The Sugar Trap

 

The Sugar Trap: Juices & Smoothies

 

Have you ever come across with a situation that you are surrounded by ubiquitous choice of drinks in front of the fridge of convenient store? For those who wants to follow a lean, healthy diet will pick juice over softdrinks and sweetened tea or coffee. Some may even swap his/her meal for juices or smoothies for the sake of weights reduction, however, is juice really the best choice of drinks for health?

 

Cold-pressed juice has been gaining its popularity in Hong Kong recently. In spite of its high price, consumers are attracted for its nutrient content. So what exactly is cold-pressed juice? And how does it differ from fresh juice? The manufacturing of cold-pressed juice involves two processes, starting with hydraulic pressing  where fruits and vegetables are pressed through a fine mesh screen. High pressure pressing (HPP) comes next, where the juice is bottled and sealed under a large water chamber with high pressure (Cold Pressed Juice HQ, 2017).  Most of the pathogens are inactivated under this process and also prolongs the shelf life of cold-pressed juice as long as 30 days.

 

Apart from the long shelf life of the cold pressed juice, public are also fond of its nutrient-dense content. Manufacturers claim that the vitamin C content is higher than fresh juice as its manufacturing process doesn’t involve heating and oxygen that might denature vitamin C. Meanwhile, there is no preservative added to juice (Cold Pressed Juice HQ, 2017)

 

Cold pressed juice sounds like an ideal alternative to healthy drinks beside water, however, is it as good as the manufacturers claim?  Vitamin C contents reduce from the moment the fruit is cut, after all the processings and transportations and sitting in the fridge, then by the time you pick it from the fridge there are not much quality vitamin C. The sugar content in juice is undervalued in the nutrition fact label. Consuming fruits is good, but it doesn’t mean the more fruits you eat, the more healthier you are. People often neglect the fact that fruit has glucose and fructose as hidden sugar, which will not be present as sugar on nutrition label (Heid, 2015). However, fructose is not different from added sugar, both contributes to diabetes or obesity if intakes excessively. Meanwhile, the level of dietary fibre and vitamin C in juice is either lower than the labelled amount or is far lower than the daily requirement of human (Siu, 2017). The dietary fibre content is very low or even no in juice. Turn out accelerating the sugar absorption as sugar is free to move to liver without the hindrance of dietary fibre. More importantly, fruit sugar can hardly be burnt off and it will be converted into fat (FivePoint Four, 2017). So it might not be wise to take advantage of fruits for the sake of losing weight.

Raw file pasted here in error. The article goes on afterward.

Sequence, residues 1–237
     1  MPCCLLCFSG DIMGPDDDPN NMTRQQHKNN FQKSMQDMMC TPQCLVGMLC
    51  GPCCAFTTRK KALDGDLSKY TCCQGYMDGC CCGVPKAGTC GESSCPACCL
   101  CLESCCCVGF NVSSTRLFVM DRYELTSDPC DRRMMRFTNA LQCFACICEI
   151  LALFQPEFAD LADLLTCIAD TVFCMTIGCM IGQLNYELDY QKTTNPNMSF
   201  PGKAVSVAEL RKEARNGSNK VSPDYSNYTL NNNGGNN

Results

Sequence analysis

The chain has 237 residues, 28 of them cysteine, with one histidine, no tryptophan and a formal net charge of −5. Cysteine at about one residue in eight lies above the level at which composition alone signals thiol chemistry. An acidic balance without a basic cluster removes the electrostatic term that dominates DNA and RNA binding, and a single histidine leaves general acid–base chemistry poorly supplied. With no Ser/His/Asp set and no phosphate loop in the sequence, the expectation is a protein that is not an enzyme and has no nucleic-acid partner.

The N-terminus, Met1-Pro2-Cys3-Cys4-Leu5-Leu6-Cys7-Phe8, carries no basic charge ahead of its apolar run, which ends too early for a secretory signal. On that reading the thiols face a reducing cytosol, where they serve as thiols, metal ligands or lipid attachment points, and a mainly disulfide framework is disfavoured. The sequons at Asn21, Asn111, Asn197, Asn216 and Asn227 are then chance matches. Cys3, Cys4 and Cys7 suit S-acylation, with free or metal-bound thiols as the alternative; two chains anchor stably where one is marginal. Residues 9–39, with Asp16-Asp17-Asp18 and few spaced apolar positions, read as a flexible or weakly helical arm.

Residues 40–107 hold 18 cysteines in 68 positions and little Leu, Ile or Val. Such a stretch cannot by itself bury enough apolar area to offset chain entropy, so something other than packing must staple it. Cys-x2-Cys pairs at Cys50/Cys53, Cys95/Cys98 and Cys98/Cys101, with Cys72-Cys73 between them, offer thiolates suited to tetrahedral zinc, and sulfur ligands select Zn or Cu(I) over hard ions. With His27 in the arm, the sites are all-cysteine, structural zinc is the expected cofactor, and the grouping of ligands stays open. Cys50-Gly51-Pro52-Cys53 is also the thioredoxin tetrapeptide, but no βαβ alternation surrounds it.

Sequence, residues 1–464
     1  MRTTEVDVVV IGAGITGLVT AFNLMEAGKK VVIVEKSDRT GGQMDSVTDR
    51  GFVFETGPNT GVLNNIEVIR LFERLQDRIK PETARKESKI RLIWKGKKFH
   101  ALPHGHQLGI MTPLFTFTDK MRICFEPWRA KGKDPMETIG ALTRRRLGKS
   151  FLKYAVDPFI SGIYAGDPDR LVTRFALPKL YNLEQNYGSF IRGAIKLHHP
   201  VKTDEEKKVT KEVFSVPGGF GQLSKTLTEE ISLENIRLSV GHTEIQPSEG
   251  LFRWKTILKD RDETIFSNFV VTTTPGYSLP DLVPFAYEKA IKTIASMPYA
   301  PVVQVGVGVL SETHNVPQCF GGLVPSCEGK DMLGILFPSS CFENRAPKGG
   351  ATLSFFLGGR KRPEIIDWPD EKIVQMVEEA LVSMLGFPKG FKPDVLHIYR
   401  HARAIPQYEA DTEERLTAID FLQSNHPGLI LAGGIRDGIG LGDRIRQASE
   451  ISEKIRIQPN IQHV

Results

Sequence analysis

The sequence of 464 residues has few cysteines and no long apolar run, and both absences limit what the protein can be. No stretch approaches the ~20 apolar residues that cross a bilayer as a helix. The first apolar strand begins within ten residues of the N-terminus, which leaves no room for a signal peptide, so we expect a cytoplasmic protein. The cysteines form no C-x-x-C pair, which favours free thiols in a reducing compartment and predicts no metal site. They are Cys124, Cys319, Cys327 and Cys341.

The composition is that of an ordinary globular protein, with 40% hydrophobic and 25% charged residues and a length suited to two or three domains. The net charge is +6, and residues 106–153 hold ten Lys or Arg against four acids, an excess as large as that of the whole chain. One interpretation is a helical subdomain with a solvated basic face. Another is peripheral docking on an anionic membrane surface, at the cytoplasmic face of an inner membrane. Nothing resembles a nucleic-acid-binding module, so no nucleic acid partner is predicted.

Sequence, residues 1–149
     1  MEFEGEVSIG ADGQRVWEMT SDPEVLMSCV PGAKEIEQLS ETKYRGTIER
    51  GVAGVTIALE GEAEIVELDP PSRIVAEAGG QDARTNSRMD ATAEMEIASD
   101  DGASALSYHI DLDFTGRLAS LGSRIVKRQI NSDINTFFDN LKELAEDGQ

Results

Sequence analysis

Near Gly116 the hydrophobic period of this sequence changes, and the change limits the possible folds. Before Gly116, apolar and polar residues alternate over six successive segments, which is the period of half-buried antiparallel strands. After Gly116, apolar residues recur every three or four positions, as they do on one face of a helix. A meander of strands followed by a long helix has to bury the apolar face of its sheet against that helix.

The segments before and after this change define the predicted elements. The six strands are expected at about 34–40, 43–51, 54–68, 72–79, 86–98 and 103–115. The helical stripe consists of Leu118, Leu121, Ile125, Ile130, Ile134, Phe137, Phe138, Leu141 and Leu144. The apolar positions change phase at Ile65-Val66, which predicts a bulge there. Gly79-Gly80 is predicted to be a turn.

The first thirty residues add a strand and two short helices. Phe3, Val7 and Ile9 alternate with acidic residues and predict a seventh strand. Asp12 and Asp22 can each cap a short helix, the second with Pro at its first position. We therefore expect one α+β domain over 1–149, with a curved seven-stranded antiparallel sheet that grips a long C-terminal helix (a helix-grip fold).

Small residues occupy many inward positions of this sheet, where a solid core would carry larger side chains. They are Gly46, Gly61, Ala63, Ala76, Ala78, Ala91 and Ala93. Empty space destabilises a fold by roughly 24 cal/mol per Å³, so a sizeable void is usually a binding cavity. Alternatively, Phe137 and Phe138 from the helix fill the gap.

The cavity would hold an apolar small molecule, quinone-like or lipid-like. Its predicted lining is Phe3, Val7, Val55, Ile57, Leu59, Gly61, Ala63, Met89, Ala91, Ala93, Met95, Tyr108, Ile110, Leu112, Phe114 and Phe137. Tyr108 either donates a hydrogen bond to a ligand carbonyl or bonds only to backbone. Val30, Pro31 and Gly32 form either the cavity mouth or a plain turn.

It is seemingly cold-pressed juice is overhyped. Not to mention the recent scandal surrounding cold-pressed juice. Two cold-pressed juices are tested to have contained high level of patulin, exceeding the limit of Centre of Food Safety. Patulin is mycotoxin commonly found in decaying food especially apple. Intaking too much patulin will impair immune and nervous system (WHO, 2017)

 

Giving juice to go as drinks won’t hurt, but do not expect you can merely rely on juice for health sake. After all, fresh whole fruit is always the best when it comes to the nutrient content and price. Next time when you need to quench your thirst, tea could be an alternative for health as it provides lots of antioxidants that reduces risk of chronic disease.

 

References:

1. Avoid Juices at all cost! (2017). Retrieved October 27, 2017, from https://www.fivepointfour.com.au/blog/food-health/avoid-juices-as-all-costs-even-if-its-free/

2. Evaluation of certain food additives: seventy-ninth report of the Joint FAO/WHO Expert Committee on Food Additives. World Health Organization, 2015

3. Heid, M. (2015, June 12). Is Fruit the Reason You're Gaining Weight? Retrieved October 27, 2017, from https://www.shape.com/healthy-eating/diet-tips/fructose-reason-youre-not-losing-weight

4. Siu, P. (2017, Oct 16). Some juices sold in Hong Kong contain toxins, tests show. Retrieved October 26, 2017, from http://www.scmp.com/news/hong-kong/health-environment/article/2115562/hong-kong-consumer-council-test-shows-fruit-juice/

5. What is Cold Pressed Juice. (2017, July 26). Retrieved October 26, 2017, from http://www.coldpressjuicerhq.com/cold-pressed-juice/what-is-cold-pressed-juice/